Emma Louise Robinson
Dr Emma Louise Robinson was born in North London, England and grew up in the nearby county of Hertfordshire. After her A-levels, Emma won a place to study Molecular & Cellular Biochemistry at Oxford University, where she was awarded a Nuffield scholarship for Academic Excellence. After graduating from Oxford in 2010, Emma moved to the University of Cambridge where she won a Wellcome Trust PhD studentship in Cardiovascular & Metabolic Disease and started her PhD research under the supervision of Prof. LLewelyn Roderick at The Babraham Institute in Cambridge.
In 2014, LLewelyn and Emma moved to KU Leuven, Belgium to join as Professor in the Laboratory of Experimental Cardiology alongside Prof. Karin Sipido. In Leuven in 2015, Emma was awarded an International scholarship from the KU Leuven Faculty of Medicine in order to complete her PhD research and thesis and obtain her PhD from the University of Cambridge. Throughout her PhD years, Emma was heavily involved in a number of projects, including investigating the roles of non-coding RNAs, histone lysine methylation and DNA methylation in regulation of the transcriptome in cardiac ageing, hypertrophy and disease-associated remodelling.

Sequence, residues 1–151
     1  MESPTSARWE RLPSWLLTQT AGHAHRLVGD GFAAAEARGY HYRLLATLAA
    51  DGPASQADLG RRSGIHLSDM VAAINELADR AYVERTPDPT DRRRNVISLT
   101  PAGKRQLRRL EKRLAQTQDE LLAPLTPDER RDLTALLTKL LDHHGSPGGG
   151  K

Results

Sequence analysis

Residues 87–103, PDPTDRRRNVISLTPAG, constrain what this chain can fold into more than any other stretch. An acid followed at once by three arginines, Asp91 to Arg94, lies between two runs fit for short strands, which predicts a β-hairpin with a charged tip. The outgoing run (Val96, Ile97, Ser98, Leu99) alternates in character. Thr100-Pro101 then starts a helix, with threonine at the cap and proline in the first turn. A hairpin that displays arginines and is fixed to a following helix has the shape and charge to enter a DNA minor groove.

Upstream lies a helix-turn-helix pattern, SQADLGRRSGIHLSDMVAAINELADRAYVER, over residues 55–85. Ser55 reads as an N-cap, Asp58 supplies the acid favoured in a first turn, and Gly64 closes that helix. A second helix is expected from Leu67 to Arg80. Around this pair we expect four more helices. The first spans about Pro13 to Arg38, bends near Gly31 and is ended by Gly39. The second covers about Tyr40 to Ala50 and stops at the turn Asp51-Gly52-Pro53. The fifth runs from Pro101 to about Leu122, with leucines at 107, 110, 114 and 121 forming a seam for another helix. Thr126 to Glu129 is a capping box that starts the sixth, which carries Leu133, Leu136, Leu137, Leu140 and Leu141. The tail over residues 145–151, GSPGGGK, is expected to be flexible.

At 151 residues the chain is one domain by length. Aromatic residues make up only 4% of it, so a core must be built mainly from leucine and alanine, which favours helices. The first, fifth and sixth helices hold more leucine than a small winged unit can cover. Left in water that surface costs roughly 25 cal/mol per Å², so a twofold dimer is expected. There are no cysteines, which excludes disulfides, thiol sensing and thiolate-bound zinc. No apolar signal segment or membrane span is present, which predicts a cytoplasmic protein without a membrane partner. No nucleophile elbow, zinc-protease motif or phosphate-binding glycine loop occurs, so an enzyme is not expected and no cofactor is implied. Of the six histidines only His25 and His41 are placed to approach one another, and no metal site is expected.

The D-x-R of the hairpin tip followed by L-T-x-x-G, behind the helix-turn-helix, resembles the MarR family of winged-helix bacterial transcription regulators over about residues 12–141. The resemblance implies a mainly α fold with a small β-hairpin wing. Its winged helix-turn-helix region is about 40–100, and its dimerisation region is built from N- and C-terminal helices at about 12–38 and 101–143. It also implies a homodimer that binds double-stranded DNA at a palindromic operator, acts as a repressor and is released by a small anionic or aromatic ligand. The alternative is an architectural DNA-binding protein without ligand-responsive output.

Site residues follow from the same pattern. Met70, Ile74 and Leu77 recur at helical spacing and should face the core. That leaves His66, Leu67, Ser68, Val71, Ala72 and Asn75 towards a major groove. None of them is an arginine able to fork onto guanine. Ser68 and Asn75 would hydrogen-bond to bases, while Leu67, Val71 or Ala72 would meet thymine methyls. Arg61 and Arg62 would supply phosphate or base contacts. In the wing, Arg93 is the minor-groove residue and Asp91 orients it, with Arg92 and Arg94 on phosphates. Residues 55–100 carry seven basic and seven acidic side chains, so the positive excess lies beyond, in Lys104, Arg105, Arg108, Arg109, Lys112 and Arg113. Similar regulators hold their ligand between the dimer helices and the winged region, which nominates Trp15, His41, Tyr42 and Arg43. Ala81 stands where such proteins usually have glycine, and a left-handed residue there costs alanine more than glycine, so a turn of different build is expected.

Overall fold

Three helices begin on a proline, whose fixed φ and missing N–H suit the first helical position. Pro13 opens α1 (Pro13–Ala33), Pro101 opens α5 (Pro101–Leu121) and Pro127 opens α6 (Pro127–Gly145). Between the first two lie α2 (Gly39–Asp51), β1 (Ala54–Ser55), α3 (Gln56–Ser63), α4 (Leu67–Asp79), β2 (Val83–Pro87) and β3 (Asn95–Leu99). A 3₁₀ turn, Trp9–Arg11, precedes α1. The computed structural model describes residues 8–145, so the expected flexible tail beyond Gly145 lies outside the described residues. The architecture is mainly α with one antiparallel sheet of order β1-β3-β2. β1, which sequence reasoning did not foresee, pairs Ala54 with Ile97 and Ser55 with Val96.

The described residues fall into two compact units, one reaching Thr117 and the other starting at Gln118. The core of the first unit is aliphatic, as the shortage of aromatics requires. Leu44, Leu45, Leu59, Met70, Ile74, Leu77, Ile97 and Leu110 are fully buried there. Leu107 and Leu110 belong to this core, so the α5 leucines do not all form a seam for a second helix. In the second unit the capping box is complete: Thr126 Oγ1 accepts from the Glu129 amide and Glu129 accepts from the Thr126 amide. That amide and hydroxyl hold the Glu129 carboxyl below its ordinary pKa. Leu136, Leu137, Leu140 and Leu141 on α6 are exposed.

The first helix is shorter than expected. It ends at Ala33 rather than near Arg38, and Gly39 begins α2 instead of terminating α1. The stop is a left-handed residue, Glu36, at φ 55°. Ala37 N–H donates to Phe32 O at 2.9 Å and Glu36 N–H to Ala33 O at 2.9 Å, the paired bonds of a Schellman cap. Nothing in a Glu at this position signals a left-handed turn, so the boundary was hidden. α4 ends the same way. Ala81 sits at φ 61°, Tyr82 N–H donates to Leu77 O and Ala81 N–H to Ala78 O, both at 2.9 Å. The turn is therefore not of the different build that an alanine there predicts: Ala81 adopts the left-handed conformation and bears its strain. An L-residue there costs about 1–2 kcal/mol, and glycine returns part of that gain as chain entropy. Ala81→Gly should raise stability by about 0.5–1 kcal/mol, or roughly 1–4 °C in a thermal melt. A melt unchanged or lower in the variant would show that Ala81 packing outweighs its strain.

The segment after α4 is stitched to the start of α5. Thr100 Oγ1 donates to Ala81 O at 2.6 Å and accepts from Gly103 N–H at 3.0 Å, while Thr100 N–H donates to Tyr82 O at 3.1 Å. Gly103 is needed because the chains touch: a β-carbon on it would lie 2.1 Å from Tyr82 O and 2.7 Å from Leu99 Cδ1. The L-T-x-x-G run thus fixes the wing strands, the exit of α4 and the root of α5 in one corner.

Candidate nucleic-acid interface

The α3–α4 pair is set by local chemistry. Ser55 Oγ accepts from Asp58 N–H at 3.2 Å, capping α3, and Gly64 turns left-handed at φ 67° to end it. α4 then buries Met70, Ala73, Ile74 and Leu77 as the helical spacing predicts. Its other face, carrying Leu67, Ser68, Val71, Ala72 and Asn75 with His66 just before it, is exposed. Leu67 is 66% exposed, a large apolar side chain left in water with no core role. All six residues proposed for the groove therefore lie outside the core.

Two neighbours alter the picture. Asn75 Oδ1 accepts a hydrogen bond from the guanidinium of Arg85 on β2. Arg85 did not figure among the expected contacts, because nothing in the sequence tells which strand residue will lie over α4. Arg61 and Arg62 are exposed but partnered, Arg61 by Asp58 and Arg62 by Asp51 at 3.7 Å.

In 2018, Emma joined the lab of Prof. Stephane Heymans as a post-doctoral scientist, funded by the prestigious CVON Early HFPEF grant from the Dutch Heart Foundation. In Maastricht, Emma’s research focus is on identifying novel biomarkers for early detection of heart failure with preserved ejection fraction (HFpEF) and investigating novel mechanisms in the pathophysiology of this condition, for which common-place clinical biomarkers and neurohumoral-targeting treatments for heart failure are frequently ineffective. In 2018, Emma was awarded a CVON RECONNECT Talent grant to support her research on epigenetic mechanisms underlying pathophysiology of HFpEF.